Sudden infant death syndrome is significantly more likely in infants who are swaddled and placed on the front or side, according to a meta-analysis by Anna S. Pease of the University of Bristol (England), and her associates.
They looked at four studies covering 760 cases of SIDS and 1,759 controls. The odds ratio for swaddling when infant death occurred was 1.58. Risk was highest when swaddled infants were placed on their stomachs, with an OR of 12.99, though risk was also high for children placed on their sides, with an OR of 3.16. Swaddled infants placed on their backs had the lowest risk, with an OR of 1.93.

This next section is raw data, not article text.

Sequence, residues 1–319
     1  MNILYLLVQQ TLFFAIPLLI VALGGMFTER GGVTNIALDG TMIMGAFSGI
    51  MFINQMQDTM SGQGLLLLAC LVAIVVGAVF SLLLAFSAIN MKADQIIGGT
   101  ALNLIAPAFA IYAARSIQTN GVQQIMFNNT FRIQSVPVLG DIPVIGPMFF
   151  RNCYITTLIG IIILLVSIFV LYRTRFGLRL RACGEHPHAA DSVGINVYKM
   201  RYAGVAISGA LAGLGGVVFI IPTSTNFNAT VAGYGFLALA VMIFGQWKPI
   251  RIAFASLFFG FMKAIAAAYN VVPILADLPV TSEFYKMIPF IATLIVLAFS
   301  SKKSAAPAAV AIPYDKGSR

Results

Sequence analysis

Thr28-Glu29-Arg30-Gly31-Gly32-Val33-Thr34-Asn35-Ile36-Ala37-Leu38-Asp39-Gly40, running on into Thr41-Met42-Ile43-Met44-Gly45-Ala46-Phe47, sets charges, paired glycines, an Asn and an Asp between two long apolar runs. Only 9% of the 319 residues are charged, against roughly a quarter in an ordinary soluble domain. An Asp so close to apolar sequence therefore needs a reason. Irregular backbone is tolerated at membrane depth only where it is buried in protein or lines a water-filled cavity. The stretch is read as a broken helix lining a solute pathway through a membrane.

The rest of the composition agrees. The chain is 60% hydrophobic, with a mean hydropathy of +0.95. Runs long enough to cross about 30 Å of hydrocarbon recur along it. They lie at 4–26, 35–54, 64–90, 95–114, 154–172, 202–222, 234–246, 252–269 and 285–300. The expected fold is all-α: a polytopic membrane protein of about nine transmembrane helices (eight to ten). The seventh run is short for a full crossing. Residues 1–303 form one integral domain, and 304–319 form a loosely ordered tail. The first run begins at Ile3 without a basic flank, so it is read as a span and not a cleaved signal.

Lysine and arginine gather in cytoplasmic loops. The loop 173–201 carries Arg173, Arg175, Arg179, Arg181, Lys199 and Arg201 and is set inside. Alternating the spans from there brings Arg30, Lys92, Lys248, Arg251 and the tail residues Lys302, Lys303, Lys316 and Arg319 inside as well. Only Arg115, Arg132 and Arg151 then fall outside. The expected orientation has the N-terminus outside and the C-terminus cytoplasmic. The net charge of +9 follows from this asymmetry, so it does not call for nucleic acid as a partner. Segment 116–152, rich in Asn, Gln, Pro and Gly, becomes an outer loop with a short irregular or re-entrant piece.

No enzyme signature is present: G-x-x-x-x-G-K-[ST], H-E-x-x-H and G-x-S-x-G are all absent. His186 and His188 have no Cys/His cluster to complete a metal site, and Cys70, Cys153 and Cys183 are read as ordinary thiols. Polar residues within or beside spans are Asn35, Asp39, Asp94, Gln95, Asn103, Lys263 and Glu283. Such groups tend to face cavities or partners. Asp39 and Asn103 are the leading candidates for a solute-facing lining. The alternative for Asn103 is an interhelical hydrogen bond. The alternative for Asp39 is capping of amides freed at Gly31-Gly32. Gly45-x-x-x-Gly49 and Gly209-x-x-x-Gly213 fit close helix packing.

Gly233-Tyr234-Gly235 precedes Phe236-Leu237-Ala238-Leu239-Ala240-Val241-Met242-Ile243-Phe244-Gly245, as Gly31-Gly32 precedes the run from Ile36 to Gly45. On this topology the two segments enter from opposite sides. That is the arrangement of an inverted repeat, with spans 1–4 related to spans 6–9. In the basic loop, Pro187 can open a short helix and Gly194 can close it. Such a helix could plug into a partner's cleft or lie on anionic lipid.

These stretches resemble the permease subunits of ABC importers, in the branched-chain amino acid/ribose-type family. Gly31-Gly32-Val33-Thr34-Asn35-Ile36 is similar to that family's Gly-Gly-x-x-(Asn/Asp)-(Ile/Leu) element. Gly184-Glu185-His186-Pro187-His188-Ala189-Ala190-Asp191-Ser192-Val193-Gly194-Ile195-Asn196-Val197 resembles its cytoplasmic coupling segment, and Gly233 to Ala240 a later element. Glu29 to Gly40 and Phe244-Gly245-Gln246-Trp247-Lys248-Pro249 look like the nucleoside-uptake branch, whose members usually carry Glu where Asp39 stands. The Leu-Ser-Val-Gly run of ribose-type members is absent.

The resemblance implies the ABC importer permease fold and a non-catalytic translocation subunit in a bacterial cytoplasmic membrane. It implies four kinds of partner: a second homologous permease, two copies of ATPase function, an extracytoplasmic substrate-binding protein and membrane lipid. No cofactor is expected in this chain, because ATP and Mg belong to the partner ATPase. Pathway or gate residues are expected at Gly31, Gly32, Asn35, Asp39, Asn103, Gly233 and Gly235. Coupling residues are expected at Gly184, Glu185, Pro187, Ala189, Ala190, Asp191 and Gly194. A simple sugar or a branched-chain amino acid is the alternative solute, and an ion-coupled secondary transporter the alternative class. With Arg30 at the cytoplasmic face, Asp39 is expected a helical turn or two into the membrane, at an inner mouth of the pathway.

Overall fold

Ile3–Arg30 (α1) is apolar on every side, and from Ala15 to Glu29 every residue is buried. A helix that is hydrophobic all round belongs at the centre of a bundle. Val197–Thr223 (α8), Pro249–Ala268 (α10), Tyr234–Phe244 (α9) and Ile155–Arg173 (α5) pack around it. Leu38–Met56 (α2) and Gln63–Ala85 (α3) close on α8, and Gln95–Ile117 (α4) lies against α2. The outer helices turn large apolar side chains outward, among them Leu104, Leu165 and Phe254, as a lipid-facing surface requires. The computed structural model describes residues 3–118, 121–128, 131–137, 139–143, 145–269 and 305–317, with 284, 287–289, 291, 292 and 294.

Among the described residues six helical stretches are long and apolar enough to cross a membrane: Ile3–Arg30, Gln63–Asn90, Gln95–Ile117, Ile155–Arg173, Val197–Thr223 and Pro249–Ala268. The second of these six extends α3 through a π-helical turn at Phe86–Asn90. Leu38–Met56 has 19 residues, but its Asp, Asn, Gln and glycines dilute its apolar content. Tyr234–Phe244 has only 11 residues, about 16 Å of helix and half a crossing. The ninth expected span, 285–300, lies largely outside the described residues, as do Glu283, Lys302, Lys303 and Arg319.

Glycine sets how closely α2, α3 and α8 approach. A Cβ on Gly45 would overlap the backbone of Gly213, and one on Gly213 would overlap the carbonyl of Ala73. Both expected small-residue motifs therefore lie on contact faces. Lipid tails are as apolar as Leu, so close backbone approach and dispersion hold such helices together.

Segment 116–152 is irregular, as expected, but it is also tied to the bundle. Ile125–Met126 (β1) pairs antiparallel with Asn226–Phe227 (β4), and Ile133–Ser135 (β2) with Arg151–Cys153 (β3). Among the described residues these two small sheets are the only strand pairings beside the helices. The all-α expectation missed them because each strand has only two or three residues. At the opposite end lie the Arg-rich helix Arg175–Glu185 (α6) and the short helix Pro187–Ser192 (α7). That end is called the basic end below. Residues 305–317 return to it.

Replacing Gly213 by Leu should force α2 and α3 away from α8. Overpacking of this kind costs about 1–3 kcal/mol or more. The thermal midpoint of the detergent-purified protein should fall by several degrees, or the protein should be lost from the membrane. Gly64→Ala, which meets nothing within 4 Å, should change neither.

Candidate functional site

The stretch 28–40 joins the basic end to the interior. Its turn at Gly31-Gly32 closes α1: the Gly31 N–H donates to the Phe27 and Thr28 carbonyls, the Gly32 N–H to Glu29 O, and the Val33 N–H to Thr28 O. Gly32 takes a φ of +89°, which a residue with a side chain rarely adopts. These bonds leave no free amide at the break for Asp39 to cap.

Some evidence suggested that swaddling risk increased as the infant got older, with an odds ratio of 2.53 in children older than 6 months; however, cases were uncommon and the relationship is not definitive.
“Given the marked increase in infants swaddled and found prone (rather than placed prone), coupled with an increased risk of swaddling with increased age regardless of sleeping position, health professionals and current guidelines should consider an appropriate age limit at which swaddling should be discouraged,” the investigators concluded.
Find the full study in Pediatrics (2016. doi: 10.1542/peds.2015-3275 ).